The Real Reason There Are Health Concerns Surrounding Coke Zero

Coca-Cola's history is steeped in faulty beliefs about the health benefits of its products. The classic example, of course, is cocaine. The Lemelson-MIT Program notes that Coca-Cola inventor John Pemberton started with a cocaine-infused drink dubbed "Pemberton's French Wine Coca," which he marked as a treatment for nervous disorders. In the wake of an 1885 booze ban in Atlanta, where his business was based, Pemberton switched to selling the alcohol-free but still cocaine-rich Coca-Cola, which was billed as a "brain tonic."

Long after Coca-Cola kicked its coke habit, a different addictive white powder would become the new coke. As Psych Central describes, extremely sugary drinks such as Coke can get people hooked, and those who try to quit cold-turkey can experience withdrawal. The sugar in Coca-Cola-owned products have also led to accusations of deception. For instance, Business Insider relates that in 2009, the company got sued for giving the false impression that its product Vitaminwater — which contained up to 31 grams of sugar — was healthy. Coca-Cola had alleged the beverage "could promote healthy joints, support optimal immune function, and reduce the risk of eye disease" and even gave flavors names like "Revive" (and named its drink after vitamins) but denied implying it was healthy.

One might assume that Coca-Cola dodged a sugary bullet with Coke Zero, what with its lack of crippingly-addictive nasal sugar and dietary sugar. But once again, concerns about substances known to come in white-powder form had people sounding alarm bells.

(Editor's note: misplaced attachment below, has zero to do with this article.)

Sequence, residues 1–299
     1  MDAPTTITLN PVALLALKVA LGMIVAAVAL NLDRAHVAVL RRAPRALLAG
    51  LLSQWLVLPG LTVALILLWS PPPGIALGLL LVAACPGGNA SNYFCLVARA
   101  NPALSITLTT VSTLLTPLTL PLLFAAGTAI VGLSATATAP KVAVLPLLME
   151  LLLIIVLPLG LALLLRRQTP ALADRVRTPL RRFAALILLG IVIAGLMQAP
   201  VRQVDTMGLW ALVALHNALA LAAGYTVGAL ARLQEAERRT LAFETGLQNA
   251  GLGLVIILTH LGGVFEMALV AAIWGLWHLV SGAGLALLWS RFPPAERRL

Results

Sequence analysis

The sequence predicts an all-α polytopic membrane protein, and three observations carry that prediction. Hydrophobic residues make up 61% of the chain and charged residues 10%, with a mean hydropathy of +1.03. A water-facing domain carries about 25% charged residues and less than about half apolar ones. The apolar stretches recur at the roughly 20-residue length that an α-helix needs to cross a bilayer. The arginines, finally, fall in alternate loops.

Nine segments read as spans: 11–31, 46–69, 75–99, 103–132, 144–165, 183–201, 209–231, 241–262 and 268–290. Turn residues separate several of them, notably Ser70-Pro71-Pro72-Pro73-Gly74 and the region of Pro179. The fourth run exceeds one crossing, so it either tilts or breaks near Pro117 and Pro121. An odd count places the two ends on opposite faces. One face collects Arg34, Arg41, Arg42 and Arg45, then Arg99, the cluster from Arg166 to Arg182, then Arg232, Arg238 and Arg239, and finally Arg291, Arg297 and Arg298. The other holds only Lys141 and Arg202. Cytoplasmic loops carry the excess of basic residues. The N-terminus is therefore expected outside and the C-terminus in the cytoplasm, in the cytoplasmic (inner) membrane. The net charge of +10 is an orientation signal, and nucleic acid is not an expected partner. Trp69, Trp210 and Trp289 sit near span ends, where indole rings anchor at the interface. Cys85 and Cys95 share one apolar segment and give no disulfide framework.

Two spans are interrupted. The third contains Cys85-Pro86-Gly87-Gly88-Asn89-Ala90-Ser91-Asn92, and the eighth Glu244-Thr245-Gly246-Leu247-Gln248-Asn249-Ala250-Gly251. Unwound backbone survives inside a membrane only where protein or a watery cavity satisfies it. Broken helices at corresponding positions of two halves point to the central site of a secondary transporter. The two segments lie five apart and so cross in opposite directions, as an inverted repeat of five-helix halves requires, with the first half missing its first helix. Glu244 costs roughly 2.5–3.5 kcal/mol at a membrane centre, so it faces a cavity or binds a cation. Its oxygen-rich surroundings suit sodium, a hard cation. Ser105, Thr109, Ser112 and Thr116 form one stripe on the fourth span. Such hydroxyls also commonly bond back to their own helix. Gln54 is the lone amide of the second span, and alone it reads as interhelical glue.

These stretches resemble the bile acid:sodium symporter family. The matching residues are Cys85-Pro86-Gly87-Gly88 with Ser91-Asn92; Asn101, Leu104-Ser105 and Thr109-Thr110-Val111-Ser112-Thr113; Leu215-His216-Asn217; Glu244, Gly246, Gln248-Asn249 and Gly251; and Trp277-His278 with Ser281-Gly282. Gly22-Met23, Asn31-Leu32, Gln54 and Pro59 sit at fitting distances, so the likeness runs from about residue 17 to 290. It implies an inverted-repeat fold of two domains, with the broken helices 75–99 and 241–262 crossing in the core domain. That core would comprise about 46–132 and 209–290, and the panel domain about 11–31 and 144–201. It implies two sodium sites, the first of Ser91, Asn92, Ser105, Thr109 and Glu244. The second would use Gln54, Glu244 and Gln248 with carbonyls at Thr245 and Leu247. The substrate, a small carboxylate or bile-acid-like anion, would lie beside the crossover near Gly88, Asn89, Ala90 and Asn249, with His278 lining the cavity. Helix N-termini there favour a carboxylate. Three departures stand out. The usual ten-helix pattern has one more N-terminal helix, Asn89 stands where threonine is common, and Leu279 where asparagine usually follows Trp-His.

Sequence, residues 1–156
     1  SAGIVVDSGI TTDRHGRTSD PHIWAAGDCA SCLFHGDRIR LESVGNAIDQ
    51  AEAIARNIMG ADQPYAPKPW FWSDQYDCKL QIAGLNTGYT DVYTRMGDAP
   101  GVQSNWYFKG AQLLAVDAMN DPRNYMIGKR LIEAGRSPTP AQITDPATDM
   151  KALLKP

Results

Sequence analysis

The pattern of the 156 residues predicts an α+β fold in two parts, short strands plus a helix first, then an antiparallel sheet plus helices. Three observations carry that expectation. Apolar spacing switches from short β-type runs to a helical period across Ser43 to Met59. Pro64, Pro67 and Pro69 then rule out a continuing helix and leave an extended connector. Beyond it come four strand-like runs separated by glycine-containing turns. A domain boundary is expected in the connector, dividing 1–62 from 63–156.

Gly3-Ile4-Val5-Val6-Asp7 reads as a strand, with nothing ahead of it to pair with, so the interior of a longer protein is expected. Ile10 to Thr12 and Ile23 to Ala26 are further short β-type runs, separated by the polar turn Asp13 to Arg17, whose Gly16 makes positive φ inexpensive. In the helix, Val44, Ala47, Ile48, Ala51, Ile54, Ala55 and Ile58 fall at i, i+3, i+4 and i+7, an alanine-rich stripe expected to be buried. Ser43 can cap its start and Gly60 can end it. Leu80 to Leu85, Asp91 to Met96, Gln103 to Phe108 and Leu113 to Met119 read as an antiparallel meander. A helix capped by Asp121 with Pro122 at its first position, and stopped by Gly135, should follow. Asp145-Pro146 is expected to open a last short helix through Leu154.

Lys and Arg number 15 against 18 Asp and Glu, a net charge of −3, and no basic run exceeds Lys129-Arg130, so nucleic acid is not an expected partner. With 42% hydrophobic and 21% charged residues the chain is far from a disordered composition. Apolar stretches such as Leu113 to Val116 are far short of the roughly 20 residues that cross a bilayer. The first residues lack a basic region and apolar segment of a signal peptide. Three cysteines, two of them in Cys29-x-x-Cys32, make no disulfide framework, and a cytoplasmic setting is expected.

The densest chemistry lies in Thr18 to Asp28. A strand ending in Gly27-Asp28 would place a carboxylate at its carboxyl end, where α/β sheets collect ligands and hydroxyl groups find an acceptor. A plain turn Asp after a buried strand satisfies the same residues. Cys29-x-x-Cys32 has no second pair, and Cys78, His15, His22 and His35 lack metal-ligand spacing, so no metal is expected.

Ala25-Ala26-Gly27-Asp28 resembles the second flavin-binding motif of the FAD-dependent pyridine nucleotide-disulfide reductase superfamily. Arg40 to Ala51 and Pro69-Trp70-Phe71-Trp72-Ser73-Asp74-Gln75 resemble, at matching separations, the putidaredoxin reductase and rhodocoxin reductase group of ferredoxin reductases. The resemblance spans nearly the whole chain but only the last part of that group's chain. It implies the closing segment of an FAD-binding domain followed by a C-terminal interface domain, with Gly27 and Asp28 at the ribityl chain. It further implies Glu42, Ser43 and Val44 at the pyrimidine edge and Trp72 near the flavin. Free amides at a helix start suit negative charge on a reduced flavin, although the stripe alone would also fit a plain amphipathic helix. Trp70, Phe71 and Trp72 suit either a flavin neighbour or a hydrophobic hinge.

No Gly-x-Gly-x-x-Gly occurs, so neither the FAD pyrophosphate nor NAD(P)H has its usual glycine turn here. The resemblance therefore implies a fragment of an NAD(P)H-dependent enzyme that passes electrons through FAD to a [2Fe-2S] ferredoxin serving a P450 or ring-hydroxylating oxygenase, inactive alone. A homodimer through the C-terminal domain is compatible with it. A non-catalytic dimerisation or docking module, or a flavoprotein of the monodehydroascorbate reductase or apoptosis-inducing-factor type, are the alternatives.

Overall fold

Why some people think you should drink zero Coke

As Healthline describes, Coke Zero, later rebranded as Coke Zero Sugar, certainly lives up to its name. It swaps out sugar for a cocktail of sweet substitutes, including aspartame and acesulfame potassium. No sugar, no problems, right? No, not so fast. Conflicting scientific evidence has raised concerns that artificial sweeteners may pose some of the same health risks they were meant to prevent. For instance, a string of observational studies spanning between eight and 14 years found that women who drank artificially sweetened beverages showed an overall increased risk of developing type 2 diabetes. However, a different 14-year study showed the opposite result.

While sugary drinks are often treated like a liquid gateway to diabetes, an eight-year observational study concluded that people who consumed more than 21 artificially-sweetened drinks each week practically doubled their risk of becoming overweight or obese. This was despite the fact that participants had reduced their overall daily calorie count. By contrast, participants in a six-month study shed between 2 and 2.5 percent of their body weight drinking artificially sweetened beverages. The human body is complicated, and while the jury is still out on a definitive answer, Coke Zero isn't necessarily a beverage without any health risks.